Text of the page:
Lost for words, Jacob stared at the creature in front of him, astonished by her actions. A small part of his mind noted her pale auburn hair, emerald green eyes, and pale cream sundress, but the larger part of him reeled at her shocking behaviour. All sense of society seemed lost upon this creature like a gleeful cat tearing the head off of a rodent.
The woman opened her mouth, and again no words emerged, only a bubbling, throaty sound akin to dry gurgling in her throat. The dark of her pupils threatened to drown her irises in a total eclipse. The smile on her face unnerved him most; polished teeth shining in the sun as her expression boardered on nirvana.
She turned from Jacob and began wading out into the water. The hem of her dress flowed around her on the water’s surface as she went deeper and deeper into the ocean. In a minute, she’d walked fifty metres out, the water around her middle, and in five minutes, the water came up to her chin.
“Where are you going? Are you crazy?” Jacob called.
The woman’s head disappeared under the water. Jacob waited for her to emerge. Standing on the edge of the beach, water lapping over his sandalled feet, Jacob waited for twenty more minutes but she never returned.
Jacob looked down, unsure how to feel about the woman’s apparent suicide when her facial expression filled his mind. The look of pure joy like spiritual release meets sexual satisfaction.
Her feet left two divets in the sand at the tide line. Slipping off his sandals, Jacob slid his feet into the footprints she left behind. The wet crud bubbled and squelched beneath his weight, spreading to enclose his toes. Occupying her markers, Jacob bent at the waist, almost exactly ninety-degrees, and dunked his head under the water.
The world changed. No seagulls squawking and wailing for food, no children crying, no vocal appreciation of ice cream and cold soda. Just a droning wall; ambient waves swallowing everything besides the ocean. Cold water stung his cheeks and salt tore at his eyes, but Jacob held his eyelids open to witness the swirling prism of liquid, beams of alpine white meeting navy blue.
When he ran out of breath, Jacob pulled his head free from the void. The sunlight cooked his salt-battered eyes, and the sound of the world overwhelmed him with it’s stark, uncompromising insistence on cacophony.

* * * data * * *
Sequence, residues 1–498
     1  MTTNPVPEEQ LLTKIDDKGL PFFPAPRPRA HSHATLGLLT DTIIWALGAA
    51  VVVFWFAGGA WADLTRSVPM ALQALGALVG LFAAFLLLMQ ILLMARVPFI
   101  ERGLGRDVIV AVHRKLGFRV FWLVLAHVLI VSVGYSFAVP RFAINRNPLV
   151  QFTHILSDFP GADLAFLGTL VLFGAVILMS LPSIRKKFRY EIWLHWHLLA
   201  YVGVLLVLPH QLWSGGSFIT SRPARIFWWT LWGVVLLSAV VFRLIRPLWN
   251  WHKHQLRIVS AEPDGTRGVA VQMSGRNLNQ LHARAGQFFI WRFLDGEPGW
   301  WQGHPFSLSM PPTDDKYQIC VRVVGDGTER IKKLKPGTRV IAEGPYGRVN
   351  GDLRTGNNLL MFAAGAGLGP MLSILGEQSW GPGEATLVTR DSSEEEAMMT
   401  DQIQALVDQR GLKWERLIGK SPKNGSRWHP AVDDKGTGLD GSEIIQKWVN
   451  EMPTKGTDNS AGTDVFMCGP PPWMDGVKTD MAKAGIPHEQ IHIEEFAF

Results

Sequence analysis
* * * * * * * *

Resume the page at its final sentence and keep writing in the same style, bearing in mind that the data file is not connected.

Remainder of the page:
After catching his breath, Jacob submerged his head once more, fervently and deeper, closer to the sand below. His mouth hung open as time stilled beneath the waves, and he dug his lower jaw into the sand, ushering grains of marine earth into his gullet. Before long, the sand packed his mouth cavity to bursting and Jacob savoured the taste of shells, seaweed and salinity. Jacob continued this pattern, forcing his eyes to remain open under the waves as light faded beneath the surface, and the water’s prism split a darker shade.
After innumerable enactments of the ritual, Jacob emerged from the water and noticed the sky adopting a violet hue stretching across the horizon.
Jacob made his way back across the sand towards his car. The sun’s departure meant the afternoon crowd already scattered and fled. The bars of sand reminded Jacob of a graveyard, every lump a grave, as shadows darkened the final resting place for infinitely fractured skeletons.
After sliding into the front seat of his car, Jacob slumped forward and wrapped his teeth around the top of the poly-plastic wheel. Work tomorrow. His teeth tightened and tore the wheel’s material. He sat there nearly half the night, jaw clamped on the wheel, before putting his keys in the ignition and driving home.
A knock sounded at Jacob’s door within five minutes of settling at his desk.
“Come in,” he said.
Tim strolled in wearing his gun-metal grey power suit, slurping from a cup of coffee.
“You were late this morning. Everything alright?” Tim said.
“Yeah,” Jacob said.
“Why were you late?”
“I slept in,” Jacob said.
Tim chuckled like Jacob made a great joke.
“If I let myself sleep in, I’d never come to the office at all,” Tim said. “Make sure it doesn’t happen again.”
“Yeah,” Jacob said. He stared at his computer screen, ignoring Tim altogether.
“Meeting in fifteen,” Tim said before ducking out.
Jacob’s computer screen displayed a glorious picture of the sun. The pixels and LCD technology failed to capture the experience of sunlight but the reproduction proved better than zilch.
Twenty minutes later, someone knocked impatiently at Jacob’s door drawing his attention.
Jenny stuck her head in.
“You’re late for the meeting,” she said. “Tim’s not happy.”
Jacob stood like a shoot of grass rising from cracks in cement. He wound his way out of his office and went haphazardly into the board room.
An empty seat at the edge of the enormous conference table called Jacob so he sat.
“Glad you could join us Jacob,” Tim said. “If you’re not careful, I might start thinking you’ve got an attitude problem.”
“Okay,” Jacob said.
The two men jousted with eye contact for almost thirty seconds before Tim broke away uncomfortably.
“Anyway, projections show…” Tim said.
The boss’ voice faded to an indistinct buzz as Jacob stared out the window. Fluorescent rays lit the tops of cancerous high-rises and skyscrapers, transcending the concrete jungle in an awesome display of blue sky and golden light.
“Jacob?” Tim said. The boss’ voice gained steam. “Look at me. What are you…”
Jacob stood instinctively and wobbled towards the floor-to-ceiling windows of the boardroom, facing the light. He pushed his entire body up against the glass and opened his mouth. A guttural gurgle bubbled from his lips as his tongue extended from his mouth and swept across the smooth glass.
Tim shouted in the background but Jacob registered the haranguing on the same decibel of importance as a beeping toaster. Jacob longed to taste the sun, so he might consume that all-nurturing energy, absorbing the nutrients into his blood, his skin and his hair. Unfettered beams burst through his pores banishing any darkness within.
“Should I call the window cleaners and cancel?” Jenny asked.
This story was inspired by Aphex Twin’s classic song Windowlicker.